Some 58 percent of people declared themselves dissatisfied with the 40-year-old, who has sparked anger among some groups by announcing reforms to
everything from the courts and education system to the national rail operator.
The Ifop-Fiducial poll was broadly in line with other surveys showing an approval rate at around 40 percent almost a year after Macron swept to power last May at the head of a new centrist party.
A majority — 57 percent — agreed Macron was keeping his electoral promises after a campaign in which the political upstart pledged to slim down the state and make France more competitive.
“I'm doing what I said I would,” he told TF1 television during an interview last week, part of a media blitz to reconnect with voters and defend his reform agenda ahead of the anniversary.
The poll comes as Macron faces three months of rolling strikes on the railways over his plans to shake up heavily-indebted operator SNCF, scrapping early retirement and other benefits for new hires.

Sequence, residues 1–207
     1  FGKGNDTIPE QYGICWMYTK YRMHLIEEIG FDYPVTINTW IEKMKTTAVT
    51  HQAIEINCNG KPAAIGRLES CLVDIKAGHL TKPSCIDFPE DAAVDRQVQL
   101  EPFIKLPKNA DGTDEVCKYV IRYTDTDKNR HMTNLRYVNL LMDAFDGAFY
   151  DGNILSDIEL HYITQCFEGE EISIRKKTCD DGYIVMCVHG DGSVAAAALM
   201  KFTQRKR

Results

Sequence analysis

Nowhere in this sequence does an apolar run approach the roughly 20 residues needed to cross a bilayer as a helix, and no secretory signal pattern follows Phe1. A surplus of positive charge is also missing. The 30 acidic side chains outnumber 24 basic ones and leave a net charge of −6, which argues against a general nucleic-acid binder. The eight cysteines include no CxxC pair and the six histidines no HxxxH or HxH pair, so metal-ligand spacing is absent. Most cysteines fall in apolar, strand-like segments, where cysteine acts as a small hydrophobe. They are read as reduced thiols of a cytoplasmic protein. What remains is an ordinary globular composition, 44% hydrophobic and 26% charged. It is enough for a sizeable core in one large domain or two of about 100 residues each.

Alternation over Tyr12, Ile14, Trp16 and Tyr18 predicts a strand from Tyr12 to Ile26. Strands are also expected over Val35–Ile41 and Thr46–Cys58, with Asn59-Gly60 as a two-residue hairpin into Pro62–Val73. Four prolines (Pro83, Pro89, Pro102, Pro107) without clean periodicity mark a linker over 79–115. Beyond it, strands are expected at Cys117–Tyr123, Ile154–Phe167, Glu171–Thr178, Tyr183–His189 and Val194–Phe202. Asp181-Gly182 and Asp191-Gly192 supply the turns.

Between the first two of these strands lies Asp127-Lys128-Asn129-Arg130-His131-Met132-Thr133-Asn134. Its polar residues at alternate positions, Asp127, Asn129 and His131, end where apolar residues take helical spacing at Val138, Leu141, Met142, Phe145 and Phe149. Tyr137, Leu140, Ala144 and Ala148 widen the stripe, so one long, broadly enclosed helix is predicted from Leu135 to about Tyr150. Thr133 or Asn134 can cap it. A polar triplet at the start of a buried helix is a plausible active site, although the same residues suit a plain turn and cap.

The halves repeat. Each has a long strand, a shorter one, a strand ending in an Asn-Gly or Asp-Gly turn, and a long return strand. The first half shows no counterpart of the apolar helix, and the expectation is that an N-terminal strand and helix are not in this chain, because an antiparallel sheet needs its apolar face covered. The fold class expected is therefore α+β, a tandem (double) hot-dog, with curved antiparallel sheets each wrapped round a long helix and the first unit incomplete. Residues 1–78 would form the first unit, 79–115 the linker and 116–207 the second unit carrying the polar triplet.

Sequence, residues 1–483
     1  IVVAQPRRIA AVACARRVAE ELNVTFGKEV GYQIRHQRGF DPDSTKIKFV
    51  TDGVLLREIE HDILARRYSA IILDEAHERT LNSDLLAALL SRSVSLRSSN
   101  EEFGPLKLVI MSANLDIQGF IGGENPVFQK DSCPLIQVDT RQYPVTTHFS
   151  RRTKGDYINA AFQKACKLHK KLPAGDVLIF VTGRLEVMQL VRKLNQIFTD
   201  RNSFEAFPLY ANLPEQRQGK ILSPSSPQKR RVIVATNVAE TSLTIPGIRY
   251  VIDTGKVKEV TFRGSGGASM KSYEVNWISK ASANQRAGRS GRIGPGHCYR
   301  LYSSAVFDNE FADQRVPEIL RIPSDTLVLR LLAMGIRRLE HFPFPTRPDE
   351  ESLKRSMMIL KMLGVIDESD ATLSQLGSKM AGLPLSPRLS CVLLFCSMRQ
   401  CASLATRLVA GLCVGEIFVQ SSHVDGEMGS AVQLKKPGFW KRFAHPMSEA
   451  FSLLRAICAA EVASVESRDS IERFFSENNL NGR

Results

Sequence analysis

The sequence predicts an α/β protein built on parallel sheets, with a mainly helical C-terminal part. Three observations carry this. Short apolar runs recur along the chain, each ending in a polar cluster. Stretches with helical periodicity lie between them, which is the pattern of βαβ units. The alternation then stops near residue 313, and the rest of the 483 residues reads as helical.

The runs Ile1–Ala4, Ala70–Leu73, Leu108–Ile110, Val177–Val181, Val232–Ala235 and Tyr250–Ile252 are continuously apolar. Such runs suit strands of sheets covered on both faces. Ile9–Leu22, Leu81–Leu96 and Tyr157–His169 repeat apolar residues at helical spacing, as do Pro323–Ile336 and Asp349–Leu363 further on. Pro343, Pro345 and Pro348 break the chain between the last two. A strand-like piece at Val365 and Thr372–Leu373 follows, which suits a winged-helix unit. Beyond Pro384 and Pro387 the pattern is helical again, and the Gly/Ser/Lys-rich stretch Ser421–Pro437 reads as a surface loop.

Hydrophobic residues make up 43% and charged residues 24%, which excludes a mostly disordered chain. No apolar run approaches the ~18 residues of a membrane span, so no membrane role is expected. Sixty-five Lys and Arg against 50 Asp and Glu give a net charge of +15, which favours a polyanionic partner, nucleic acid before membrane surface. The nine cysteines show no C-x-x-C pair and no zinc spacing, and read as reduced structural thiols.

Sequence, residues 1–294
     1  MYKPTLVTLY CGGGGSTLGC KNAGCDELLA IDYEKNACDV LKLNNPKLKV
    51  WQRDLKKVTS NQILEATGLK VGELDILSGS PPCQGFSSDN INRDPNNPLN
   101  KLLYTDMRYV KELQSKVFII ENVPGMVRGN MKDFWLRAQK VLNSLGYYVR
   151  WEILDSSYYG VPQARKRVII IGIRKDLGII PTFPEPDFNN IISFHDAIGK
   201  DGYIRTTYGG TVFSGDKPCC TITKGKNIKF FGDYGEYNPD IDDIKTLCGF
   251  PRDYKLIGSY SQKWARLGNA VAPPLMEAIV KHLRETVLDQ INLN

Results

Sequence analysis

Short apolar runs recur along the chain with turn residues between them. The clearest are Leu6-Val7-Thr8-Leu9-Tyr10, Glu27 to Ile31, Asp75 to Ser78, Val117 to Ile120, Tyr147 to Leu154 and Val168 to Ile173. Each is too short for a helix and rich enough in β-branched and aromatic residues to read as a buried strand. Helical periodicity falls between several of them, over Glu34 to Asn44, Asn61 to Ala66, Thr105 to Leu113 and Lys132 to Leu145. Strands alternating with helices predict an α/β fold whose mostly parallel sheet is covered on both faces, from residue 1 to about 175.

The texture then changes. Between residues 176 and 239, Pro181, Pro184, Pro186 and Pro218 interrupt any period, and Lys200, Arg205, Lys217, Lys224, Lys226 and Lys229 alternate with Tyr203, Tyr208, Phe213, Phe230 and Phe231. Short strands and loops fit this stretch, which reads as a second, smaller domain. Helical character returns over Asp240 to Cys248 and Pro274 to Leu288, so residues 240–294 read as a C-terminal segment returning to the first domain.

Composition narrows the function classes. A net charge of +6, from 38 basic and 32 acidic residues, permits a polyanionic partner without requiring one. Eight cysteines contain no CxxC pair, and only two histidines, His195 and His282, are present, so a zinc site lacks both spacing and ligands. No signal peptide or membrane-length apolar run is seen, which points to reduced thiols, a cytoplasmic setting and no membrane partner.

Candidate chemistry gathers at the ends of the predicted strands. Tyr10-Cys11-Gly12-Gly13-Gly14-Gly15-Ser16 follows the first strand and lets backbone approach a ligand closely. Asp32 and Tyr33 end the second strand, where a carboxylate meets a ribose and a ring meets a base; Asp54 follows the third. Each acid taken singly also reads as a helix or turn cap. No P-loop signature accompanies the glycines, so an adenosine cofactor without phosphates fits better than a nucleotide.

The latest in a series of mass public sector strikes over his cost-cutting plans is planned Thursday, while students at numerous universities around France are blocking faculty buildings over his higher education reforms.
On foreign policy, where Macron has pursued an energetic role, from the Middle East to climate diplomacy, the verdict was more positive than on domestic affairs.
Some 67 percent agreed that his passionate defence of the EU had been “positive” for relations with the bloc, while 63 percent said he had improved
France's image abroad.
And 56 percent said the pro-business president had boosted economic growth and France's attractiveness as an investment destination, following a wave of positive economic data.
But only 27 percent said they support increased taxes for retirees, and just 18 percent said he was improving healthcare.
Just 30 percent agreed that Macron was “in touch with French people's concerns”, following accusations from leftwingers that his tax cuts for the
wealthy make him a “president of the rich”.
The survey for Paris Match magazine, Sud Radio and CNEWS television questioned 1,200 people online between April 12 and April 16.